Google was the first major global company to base its HR decisions on data and analytics. Since Lazlo Bock took over the HR department in 2006, ‘People Operations’ has turned HR on its head. In the process, it's forced the rest of the world to re-examine their HR decision-making processes.
The People Analytics team drive every personnel decision. They're tasked with outing subjectivity and bringing the same rigour to HR as Google does to engineering, software and finance.
Their data has resulted in famous Google perks such as free food, benefits, and 20% personal project time. These larger-than-life benefits are grounded in hard data – they exist because they pay for themselves when analysed as part of the bigger picture.
And their approach works: one estimate suggests that each Google employee generates around a million dollars in revenue each year.
Here are 5 lessons from People Operations that you can apply to your own workplace. Remember: talent borrows, genius steals. If you can’t steal Google’s staff, you might as well steal their best ideas.
1. Think data over relationships
Google’s unique approach is based on prioritising data over everything. They realised that the focus on relationships and personal opinion when it comes to decision-making doesn’t produce the best results. It isn’t based on hard data, and so can’t be measured, improved and optimised (how many rounds of Sunday golf together does it take for Bob to realise that Bill deserves a promotion?) It also exacerbates unconscious biases that undermine their struggle for inclusivity and equality.
By switching your focus from subjective feelings to objective and quantifiable results, you can ensure that you make people decisions based on the needs of your business – not the gut instincts of an interviewer who hadn’t had lunch yet.
2. Make your data clean
When the People Analytics team formed, they had a huge amount of data at their fingertips.
The problem was they couldn’t use it. They had to sort it first – and this was no mean feat. Data scientists estimate that they spend more than half their time simply wrangling their data into respectable shape.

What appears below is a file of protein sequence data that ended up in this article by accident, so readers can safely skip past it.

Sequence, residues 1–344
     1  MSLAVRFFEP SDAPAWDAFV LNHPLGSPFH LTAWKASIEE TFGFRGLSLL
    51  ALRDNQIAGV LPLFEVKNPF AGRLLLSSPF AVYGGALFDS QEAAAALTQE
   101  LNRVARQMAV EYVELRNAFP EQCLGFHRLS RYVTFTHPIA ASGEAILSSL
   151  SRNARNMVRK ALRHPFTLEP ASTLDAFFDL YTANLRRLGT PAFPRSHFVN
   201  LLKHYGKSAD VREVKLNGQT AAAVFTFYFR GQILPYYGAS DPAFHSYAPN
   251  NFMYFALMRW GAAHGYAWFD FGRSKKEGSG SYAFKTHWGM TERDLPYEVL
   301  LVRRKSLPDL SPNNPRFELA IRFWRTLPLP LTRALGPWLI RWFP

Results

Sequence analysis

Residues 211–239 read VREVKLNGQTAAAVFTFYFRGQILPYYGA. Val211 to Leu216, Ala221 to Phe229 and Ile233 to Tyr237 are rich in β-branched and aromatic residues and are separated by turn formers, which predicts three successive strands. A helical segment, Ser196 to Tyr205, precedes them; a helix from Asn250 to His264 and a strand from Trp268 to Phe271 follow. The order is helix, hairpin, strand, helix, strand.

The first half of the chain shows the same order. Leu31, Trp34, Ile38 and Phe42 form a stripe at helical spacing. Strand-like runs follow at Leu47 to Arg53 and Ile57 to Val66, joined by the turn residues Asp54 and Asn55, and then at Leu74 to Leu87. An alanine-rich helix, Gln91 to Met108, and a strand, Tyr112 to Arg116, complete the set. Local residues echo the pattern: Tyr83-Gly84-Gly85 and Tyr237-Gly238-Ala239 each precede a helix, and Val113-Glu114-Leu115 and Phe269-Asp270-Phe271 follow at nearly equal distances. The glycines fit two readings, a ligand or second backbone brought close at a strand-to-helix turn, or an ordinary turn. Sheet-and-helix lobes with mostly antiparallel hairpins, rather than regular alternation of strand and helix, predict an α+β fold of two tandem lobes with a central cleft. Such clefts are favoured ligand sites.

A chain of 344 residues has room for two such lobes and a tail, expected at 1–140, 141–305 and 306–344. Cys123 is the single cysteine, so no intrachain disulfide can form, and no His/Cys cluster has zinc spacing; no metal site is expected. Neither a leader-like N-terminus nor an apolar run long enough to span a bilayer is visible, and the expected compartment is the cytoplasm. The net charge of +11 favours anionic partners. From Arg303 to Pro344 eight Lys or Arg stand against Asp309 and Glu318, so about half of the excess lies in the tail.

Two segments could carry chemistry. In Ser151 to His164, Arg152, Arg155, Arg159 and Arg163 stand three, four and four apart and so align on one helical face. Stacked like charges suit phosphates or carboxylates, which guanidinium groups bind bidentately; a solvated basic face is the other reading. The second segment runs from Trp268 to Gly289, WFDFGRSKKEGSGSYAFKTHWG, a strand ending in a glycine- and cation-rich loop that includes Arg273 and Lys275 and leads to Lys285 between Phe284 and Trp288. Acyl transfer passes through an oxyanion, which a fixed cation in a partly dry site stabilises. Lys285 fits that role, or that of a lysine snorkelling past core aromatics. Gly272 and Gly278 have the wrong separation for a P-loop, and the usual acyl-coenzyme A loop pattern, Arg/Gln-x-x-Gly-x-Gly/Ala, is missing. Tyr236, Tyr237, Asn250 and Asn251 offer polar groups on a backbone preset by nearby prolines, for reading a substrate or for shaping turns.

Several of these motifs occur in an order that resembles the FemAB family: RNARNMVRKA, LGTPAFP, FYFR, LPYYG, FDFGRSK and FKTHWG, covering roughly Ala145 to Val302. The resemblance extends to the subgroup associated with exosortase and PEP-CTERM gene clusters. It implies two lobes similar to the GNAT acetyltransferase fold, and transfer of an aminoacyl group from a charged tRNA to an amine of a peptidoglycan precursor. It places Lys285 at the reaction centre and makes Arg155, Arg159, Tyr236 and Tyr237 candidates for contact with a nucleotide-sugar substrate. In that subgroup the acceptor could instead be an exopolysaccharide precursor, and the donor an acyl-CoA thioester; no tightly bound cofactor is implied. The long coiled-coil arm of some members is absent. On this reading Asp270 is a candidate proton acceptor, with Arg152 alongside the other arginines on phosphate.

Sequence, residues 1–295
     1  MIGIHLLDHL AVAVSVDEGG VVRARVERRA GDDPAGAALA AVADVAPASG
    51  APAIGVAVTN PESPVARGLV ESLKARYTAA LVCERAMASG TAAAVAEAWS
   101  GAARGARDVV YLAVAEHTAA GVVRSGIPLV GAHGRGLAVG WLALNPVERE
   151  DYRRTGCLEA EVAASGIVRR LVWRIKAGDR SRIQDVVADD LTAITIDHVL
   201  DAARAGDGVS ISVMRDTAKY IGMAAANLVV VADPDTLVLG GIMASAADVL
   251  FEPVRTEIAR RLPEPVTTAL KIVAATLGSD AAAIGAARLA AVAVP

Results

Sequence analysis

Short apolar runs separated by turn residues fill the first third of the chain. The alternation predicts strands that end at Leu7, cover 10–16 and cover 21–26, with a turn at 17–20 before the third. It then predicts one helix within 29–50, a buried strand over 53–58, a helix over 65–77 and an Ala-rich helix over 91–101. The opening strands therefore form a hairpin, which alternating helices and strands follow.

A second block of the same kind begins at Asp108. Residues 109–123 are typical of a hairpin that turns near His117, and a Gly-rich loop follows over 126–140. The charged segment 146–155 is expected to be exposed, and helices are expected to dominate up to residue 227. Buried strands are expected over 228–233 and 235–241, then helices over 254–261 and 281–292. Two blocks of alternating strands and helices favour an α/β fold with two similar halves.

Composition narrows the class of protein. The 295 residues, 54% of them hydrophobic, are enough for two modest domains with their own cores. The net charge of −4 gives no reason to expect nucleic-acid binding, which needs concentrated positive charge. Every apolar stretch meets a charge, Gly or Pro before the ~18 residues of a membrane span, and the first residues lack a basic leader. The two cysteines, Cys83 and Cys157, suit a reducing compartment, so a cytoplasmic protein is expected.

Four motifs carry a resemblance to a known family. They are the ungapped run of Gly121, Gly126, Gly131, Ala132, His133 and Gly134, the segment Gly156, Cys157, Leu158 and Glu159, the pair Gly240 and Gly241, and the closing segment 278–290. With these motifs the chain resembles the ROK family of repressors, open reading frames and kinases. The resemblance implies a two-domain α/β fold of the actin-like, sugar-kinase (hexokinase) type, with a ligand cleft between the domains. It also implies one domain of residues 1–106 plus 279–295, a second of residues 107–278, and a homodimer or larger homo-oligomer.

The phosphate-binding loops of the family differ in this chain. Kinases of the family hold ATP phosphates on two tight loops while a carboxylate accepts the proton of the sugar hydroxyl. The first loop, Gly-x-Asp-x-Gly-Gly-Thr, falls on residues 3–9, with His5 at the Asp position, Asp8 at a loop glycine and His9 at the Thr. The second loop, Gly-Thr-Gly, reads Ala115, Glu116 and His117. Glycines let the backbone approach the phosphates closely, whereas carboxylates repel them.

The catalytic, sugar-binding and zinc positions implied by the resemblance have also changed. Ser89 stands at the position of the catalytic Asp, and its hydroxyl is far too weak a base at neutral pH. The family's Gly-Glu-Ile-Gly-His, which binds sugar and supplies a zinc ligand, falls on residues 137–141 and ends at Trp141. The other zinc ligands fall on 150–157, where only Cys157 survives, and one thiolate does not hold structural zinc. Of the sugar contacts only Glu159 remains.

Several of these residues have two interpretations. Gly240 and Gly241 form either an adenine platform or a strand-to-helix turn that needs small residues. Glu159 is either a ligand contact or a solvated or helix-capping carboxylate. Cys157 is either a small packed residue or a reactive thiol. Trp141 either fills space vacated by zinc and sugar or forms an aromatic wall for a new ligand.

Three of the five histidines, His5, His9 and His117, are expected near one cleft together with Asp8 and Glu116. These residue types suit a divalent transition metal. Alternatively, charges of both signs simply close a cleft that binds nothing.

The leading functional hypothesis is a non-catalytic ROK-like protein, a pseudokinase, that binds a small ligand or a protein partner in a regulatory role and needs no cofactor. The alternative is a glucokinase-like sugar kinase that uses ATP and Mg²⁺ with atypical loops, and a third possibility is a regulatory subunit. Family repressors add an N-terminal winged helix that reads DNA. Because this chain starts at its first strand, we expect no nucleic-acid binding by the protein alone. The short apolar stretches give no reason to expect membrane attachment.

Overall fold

Make sure that the data you’re collecting is ‘clean’: organised, accessible, and stored correctly, and you’ll save yourself a ton of time.
3. Create high-performing groups
Google created a specialist team to analyse the factors that made teams successful. The data showed that teams of all kinds could be great: those with strong leaders or equal distribution of power; those who stuck to the agenda or digressed often; those whose members were best friends or almost strangers.
The key link between successful groups was that each member of the team spoke roughly the same amount (known in psychology as ‘conversational turn-taking’), and that the team paid attention to social cues indicating when someone felt left out (known as ‘social sensitivity’). This fostered a team culture of fairness and enthusiasm for ideas.
Utilise training and your company culture to encourage these ideals in your workplace, and watch your teams flourish.
4. Improve retention with targeted action
Recruitment and training are many companies’ biggest expenses, so using data to improve retention rates is a smart move.
Google crunched the numbers to find out the warning signs that an employee would leave, then focused their resources on improving the factors that led to their resignation.
For example, once employees became mothers, they were twice as likely to leave. Google introduced a star-spangled maternity plan, and the attrition rate dropped by 50%.
When Google wanted to reward its employees, it conducted a survey to find out the best way of doing so - a bonus? New benefits? A salary increase? The latter won, and Google’s employee happiness ranking soared.
By using data to find specific factors affecting attrition, then testing out new ways to solve them, you can ensure you’re making the best use of the resources you have and the benefits you provide.
5. Increase equality through awareness
In 2010, Google’s analytics team realised that women were much less likely to put themselves forward for a promotion – a fact that undermined the equality they’d tried to achieve by allowing anyone to apply for one.
They found academic research that indicated girls are much less likely to volunteer answers to maths problems, even though they have a better accuracy rate than boys. In business, research shows that women are less likely to speak up during meetings, even though their contributions were rated more highly by observers than men’s. Google realised that their problem was part of a larger issue – and so they formulated an experiment to tackle it.
They theorised that simply raising awareness of this tendency could be enough to prompt more women to apply. When the time came for promotion applications, they sent out a mass email reminder alongside a summary of the research they’d found.
Their experiment proved correct. Both the application rate and the promotion rate for women soared.
Simply making people aware of gender imbalances in the workplace can do a huge amount to undo it. Bringing unconscious biases and worries to the fore is the only way to deal with them head on. Google’s